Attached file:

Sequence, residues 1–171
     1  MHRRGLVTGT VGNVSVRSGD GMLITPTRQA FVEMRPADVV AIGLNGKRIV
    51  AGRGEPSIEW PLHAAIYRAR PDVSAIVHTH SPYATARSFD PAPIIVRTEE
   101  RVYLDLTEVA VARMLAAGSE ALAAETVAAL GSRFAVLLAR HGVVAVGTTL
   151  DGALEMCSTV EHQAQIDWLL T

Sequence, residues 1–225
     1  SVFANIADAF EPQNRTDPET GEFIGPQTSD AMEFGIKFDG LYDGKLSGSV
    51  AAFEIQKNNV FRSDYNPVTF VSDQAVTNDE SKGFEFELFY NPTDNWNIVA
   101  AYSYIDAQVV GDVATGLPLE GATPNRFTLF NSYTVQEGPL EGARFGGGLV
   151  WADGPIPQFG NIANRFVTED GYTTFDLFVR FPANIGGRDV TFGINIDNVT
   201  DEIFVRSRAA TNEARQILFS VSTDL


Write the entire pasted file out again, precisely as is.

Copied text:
Sequence, residues 1–171
     1  MHRRGLVTGT VGNVSVRSGD GMLITPTRQA FVEMRPADVV AIGLNGKRIV
    51  AGRGEPSIEW PLHAAIYRAR PDVSAIVHTH SPYATARSFD PAPIIVRTEE
   101  RVYLDLTEVA VARMLAAGSE ALAAETVAAL GSRFAVLLAR HGVVAVGTTL
   151  DGALEMCSTV EHQAQIDWLL T

Sequence, residues 1–225
     1  SVFANIADAF EPQNRTDPET GEFIGPQTSD AMEFGIKFDG LYDGKLSGSV
    51  AAFEIQKNNV FRSDYNPVTF VSDQAVTNDE SKGFEFELFY NPTDNWNIVA
   101  AYSYIDAQVV GDVATGLPLE GATPNRFTLF NSYTVQEGPL EGARFGGGLV
   151  WADGPIPQFG NIANRFVTED GYTTFDLFVR FPANIGGRDV TFGINIDNVT
   201  DEIFVRSRAA TNEARQILFS VSTDL